posthac iure “doctorandum” appellatum iri.

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voltape

Senior Member
Peruvian Spanish/USA English
I have a diploma from the University of Utrecht) –

“Facultas Theolgiae confirmat Johannes… examen studium theologiae consummans subiise, et posthac iure “doctorandum” appellatum iri. Disciplinae quae examine continebantur in appendice probata enumeratur.

My try: The College of Theology confirms Johannes… has completed successfully the examinations on his studies of Theology, and therefore he is entitled to the doctorate. The courses contained in the examination are presented in the appendix.

Is he "entitled to the doctorate" or is he granted the degree of "Doctor"
 
  • exgerman

    Senior Member
    NYC
    English but my first language was German
    Appellatum iri is the future passive infinitive of appellare: that from now on he will legally be named/called/titled "doctorandus".

    From wikipedia:
    The second usage [of the supine] is in the future passive infinitive, for example "occisum iri" means "to be going to be killed". It mostly appears in indirect statements, for example "occisum iri a Milone video", meaning "I foresee that he is going to be killed by Milo".
    This is one of the rarest grammatical forms you will ever see. Someone in Utrecht had a lot of fun coming up with this phrasing.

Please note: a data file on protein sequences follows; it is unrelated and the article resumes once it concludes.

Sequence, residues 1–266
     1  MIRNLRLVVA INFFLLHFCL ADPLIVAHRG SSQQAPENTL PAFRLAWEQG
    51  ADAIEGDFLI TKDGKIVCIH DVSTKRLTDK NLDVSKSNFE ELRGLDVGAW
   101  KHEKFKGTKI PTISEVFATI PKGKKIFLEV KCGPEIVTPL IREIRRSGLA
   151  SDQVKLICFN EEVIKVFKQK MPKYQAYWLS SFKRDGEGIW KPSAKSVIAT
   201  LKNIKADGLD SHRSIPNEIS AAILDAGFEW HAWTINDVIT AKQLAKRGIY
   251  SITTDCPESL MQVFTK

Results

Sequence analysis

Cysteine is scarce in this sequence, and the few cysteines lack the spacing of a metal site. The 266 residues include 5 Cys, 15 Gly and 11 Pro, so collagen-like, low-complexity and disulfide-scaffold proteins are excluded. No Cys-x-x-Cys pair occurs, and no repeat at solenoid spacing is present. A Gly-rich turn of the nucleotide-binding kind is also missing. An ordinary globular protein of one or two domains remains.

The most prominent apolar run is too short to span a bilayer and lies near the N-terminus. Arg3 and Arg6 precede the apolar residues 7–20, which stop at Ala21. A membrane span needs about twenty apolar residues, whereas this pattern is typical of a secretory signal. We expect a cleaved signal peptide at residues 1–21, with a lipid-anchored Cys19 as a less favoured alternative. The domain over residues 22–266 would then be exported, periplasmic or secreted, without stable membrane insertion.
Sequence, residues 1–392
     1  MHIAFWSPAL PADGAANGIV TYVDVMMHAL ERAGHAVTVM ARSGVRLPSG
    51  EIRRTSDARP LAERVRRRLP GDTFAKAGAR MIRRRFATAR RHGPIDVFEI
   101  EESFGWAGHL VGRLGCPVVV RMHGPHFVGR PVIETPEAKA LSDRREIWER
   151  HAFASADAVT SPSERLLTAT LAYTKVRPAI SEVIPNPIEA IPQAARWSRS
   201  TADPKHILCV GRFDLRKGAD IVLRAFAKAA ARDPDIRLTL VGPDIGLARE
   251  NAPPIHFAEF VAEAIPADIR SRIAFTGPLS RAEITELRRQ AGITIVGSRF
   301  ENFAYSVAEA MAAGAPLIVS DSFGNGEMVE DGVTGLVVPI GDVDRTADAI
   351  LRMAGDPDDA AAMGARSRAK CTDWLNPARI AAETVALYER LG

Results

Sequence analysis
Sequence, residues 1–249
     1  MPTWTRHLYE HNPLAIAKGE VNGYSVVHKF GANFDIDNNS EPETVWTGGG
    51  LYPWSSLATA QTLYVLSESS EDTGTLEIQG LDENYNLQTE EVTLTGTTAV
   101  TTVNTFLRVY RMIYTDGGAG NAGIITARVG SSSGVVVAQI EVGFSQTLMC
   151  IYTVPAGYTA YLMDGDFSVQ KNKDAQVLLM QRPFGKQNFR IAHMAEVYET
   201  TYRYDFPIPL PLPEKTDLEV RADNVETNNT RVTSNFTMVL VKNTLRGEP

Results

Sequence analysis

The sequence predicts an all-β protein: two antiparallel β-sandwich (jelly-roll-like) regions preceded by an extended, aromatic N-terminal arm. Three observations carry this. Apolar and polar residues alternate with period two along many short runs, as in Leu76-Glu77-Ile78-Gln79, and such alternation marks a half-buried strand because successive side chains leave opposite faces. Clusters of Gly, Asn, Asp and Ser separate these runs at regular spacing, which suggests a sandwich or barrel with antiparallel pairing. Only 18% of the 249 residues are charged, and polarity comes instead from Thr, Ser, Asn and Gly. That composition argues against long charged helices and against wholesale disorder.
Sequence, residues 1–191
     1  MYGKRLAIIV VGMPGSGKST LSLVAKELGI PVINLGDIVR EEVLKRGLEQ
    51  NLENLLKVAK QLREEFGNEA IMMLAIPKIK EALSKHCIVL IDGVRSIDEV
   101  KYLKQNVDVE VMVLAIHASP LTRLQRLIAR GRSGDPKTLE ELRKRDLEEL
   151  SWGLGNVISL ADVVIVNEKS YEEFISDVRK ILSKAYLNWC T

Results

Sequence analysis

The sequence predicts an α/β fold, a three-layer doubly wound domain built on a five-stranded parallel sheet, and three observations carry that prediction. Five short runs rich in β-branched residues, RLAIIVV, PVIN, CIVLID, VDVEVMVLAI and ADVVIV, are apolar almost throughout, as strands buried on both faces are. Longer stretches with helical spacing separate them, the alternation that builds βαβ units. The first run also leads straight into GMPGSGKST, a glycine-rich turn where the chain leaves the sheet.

I'm not sure that the gerundive doctorandus means Doctor. It might just mean doctoral candidate.
     
    Last edited:

    Scholiast

    Senior Member
    saluete omnes!

    I agree with exgerman (# 2) about 'doctorandus' meaning 'doctoral candidate', or (more clumsily) 'eligible to apply for doctoral status'. And I am sure his observation about the wry wit of the author of this staidly pompous prose, in resorting to one of the rarest conjugated verb-forms, is right. A delight for alte Schulmeister like myself, but it hardly trips off the tongue.

    But just a doubt about 'Johannes': of course the name is of Hebrew origin (meaning something like 'God is gracious'), but would this not have been assimilated in mediaeval and academic discourse to a Latin declension-system, with an accusative Johannem?

    Σ
     

    voltape

    Senior Member
    Peruvian Spanish/USA English
    Thank you very much to both of you, dear friends and helpers! Don't worry - that "Johannes" is my invention - So as not to disclose the name of my client I wrote any name that came to my mind - you are right, I should have used the accusative.
     
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